What Critics are Saying about Thalu

5 May 2020

Australian live-action children’s series Thalu premiered on NITV on April 20. In just a few short weeks, the series has piqued the interest of critics and been a popular viewing choice for families.

Thalu follows a group of Indigenous kids who undertake a journey to save their Country from the threat of a mysterious dust cloud and its inhabitants, the Takers. Taking a heroes journey, throw in lots of energetic physical and visual comedy, and Thalu is funny, exciting, relatable, and offers young viewers an eye-opening glimpse at people and places they could never have imagined.

TV Tonight reviewer David Knox says he was struck by one unavoidable aspect when watching the series.

“The six Indigenous kids wandering around the outback here are happily enjoying an adventure. They are calmly at one with their land. Were this six kids from a metropolitan city, I dare say this would be a tale about being lost and probably pretty frightened. Therein lies the difference. Thalu is made for its audience and reiterates a place in the world.”

The series was shot in and around the town of Roebourne, known by locals as Yirramagardu. Yirramagardu is approximately two hours north of Perth by air in Western Australia’s Pilbara region. 

The Pilbara region is famous for its ancient rock art, and within a 30 minute radius of Roebourne lies a variety of landscapes and locations, including rust-coloured rocky outcrops, salt flats, beaches, white quartz hills, grassy flats, water holes, river beds, flat topped hills, cattle stations and historic buildings, much of which is showcased within Thalu’s episodes.

Eddie Cockrell from The Australian describes the series as “delightfully surreal”.

[In Thalu,] community stories… are woven with elements of Ngarluma culture to create a unique narrative that mixes Little Rascals, Teletubbies and Mad Max (minus the violence and car chases) to distinctive effect in a show that is all Country. [The] newcomer [cast has] an honest chemistry that is infectious, and the 13-minute episodes are well-timed to catch the target age group on what would have been school holidays if everyone weren’t sheltering in place anyway. Thalu is a weird and wonderful winner,” he says.

Debi Enker from The Sydney Morning Herald commends Thalu’s unique costumes designed by costume designer Kylie Clifford, which feature the colourful work of local artists. That along with its unique look and feel, created by a team including Production Designer Otello Stolfo and DOP Torstein Dyrting.

“[The series is] brimming with energy and proudly display[s] a West Australian outback landscape. [Thalu’s] story idea is a classic quest, the tone is jaunty and the series earns bonus points for the eclectic costumes”, Enker says.

Bridget McManus for the Sydney Morning Herald agrees.

“Borrowing from such legendary quests as The NeverEnding Story and even A Wrinkle in Time, this journey is bolstered by candid Aboriginal humour. The kids are delightfully unpolished; their apocalypse warrior costumes superb”.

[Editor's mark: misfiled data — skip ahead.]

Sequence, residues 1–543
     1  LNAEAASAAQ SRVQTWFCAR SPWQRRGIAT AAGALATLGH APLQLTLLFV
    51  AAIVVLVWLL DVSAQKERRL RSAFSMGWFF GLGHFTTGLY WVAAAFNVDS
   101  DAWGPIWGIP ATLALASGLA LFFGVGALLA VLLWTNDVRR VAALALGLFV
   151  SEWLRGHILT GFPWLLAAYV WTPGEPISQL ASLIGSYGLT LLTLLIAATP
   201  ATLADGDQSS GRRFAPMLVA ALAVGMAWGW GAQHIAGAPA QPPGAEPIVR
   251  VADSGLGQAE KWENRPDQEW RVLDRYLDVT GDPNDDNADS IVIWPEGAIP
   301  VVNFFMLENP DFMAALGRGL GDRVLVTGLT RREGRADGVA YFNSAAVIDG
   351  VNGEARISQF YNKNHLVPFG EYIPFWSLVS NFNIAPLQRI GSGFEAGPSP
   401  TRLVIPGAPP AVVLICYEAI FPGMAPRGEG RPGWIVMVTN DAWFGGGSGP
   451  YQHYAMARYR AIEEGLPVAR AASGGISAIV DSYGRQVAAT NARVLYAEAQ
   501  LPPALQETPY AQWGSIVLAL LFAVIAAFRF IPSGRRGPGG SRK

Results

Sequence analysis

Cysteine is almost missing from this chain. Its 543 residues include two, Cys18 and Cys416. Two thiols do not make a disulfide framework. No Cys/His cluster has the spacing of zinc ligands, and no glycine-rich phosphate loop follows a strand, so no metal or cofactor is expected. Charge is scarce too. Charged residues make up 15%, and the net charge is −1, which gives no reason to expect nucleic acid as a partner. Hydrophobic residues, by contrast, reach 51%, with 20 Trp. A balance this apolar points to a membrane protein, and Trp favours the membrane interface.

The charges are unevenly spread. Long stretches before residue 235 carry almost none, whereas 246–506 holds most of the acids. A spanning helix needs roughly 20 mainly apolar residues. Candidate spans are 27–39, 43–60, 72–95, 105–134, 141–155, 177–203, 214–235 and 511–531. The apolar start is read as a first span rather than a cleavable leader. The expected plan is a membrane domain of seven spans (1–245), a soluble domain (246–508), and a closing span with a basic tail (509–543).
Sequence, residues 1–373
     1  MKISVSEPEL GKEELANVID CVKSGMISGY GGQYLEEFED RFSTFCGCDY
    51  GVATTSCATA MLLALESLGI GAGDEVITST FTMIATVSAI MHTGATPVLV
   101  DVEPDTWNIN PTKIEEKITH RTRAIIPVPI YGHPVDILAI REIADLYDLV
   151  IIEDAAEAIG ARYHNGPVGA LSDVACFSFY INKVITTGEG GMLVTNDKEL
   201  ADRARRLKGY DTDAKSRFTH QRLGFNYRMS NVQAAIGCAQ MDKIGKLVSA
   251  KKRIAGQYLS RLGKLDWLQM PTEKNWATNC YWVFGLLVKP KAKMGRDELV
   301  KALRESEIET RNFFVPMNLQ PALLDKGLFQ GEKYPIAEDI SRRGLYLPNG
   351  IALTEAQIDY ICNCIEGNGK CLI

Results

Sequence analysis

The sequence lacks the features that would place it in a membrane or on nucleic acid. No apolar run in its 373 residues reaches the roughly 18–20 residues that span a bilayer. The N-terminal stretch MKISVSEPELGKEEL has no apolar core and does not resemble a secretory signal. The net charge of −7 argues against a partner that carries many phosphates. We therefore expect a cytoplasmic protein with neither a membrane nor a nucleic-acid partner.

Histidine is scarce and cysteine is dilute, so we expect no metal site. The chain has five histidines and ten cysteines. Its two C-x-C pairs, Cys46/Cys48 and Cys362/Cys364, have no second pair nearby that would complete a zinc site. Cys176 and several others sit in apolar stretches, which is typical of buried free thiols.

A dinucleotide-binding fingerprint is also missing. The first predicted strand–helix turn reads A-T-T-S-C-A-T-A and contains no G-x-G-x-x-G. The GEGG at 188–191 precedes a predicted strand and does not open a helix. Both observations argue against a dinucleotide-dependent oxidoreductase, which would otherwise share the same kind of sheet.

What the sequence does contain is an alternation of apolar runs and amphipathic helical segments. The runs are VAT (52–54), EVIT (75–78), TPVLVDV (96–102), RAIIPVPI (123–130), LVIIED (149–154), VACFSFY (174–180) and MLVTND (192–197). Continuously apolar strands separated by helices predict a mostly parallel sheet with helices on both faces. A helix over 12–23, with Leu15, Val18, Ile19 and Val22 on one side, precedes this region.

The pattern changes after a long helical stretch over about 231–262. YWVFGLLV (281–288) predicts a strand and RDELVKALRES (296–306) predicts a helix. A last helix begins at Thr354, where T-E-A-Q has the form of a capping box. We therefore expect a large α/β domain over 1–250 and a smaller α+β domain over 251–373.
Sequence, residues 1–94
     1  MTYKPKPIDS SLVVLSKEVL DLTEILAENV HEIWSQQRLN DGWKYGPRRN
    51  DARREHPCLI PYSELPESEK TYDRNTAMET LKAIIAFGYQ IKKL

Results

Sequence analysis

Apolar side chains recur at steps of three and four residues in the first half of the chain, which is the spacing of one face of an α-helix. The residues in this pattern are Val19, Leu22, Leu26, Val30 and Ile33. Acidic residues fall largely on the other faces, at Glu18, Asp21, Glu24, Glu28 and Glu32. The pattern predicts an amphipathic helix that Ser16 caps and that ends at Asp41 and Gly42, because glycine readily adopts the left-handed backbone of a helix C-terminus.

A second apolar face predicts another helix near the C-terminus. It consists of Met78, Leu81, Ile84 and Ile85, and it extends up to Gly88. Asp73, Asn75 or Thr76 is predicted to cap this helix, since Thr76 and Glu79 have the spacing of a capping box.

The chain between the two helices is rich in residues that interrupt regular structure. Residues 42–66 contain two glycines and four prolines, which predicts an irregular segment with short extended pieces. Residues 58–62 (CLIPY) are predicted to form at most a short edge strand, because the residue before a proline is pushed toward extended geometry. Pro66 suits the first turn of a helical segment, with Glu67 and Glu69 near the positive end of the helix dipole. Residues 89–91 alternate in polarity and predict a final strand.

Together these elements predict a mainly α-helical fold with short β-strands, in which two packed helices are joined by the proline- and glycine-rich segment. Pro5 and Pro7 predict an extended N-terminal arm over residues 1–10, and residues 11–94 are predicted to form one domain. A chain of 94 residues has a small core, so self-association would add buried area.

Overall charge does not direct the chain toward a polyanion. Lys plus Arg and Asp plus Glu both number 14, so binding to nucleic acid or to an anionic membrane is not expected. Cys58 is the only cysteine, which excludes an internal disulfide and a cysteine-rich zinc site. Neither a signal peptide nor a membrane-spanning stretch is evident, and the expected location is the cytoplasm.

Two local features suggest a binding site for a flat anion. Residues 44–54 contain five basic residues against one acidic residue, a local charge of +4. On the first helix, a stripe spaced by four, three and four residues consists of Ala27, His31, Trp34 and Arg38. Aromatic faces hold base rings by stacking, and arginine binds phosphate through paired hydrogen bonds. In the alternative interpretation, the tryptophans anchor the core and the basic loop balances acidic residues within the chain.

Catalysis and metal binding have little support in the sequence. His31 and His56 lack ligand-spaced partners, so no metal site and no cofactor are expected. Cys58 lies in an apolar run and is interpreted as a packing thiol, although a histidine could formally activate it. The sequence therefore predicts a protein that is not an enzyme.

’s seven lead cast members were selected from Roebourne’s local community. Ella Togo (Samara), Jakeile Coffin (Keile), Sharliya Mowarin (Lali), Wade Walker (Hudson), Cherry Rose Hubert (Em), Logan Adams (Noodles) and Penny Wally (Vinka) all made their television debut upon the launch of the series.

In a review for The Sydney Morning Herald, TV critic Melinda Houston writes: “the young cast of non-professionals can be a bit creaky on occasion but the kids themselves are gorgeous, the WA locations sensational, and the script and storytelling a delight. In short, this Indigenous live-action series is a cracker.” 

On Twitter, fans have been sharing their love for the newcomer cast. Viewer Claire describes the series as ”the cutest kids’ show around. All the kids are newbie actors. I should be cooking dinner right now, but I am hooked. It’s too good!”

Viewer Sophia Rose O’Rouke says she turned on NITV for the premiere and “instantly loved” the series.

“Such good content. So refreshing and shows why we need more Australian children’s television like this. Great young cast and lots of heart-warming laughs. Loved it.”

NITV Channel Manager Tanya Orman says it is an honour to bring so many wonderful characters to families across Australia.

Not only is Thalu an action-packed adventure, but it’s also a celebration of the Pilbara region and its culture. It’s not only entertaining, but it’s honestly a stunning piece of television,” she says.

Thalu is screening 7.30PM Fridays on NITV. Episodes are available to stream for free on SBS on Demand.

Thalu is a Weerianna Street Media production for NITV and ABC, with investment from Screen Australia in association with Screenwest and the Western Australian Regional Film Fund. Financed with support from NITV, the ABC and the ACTF.


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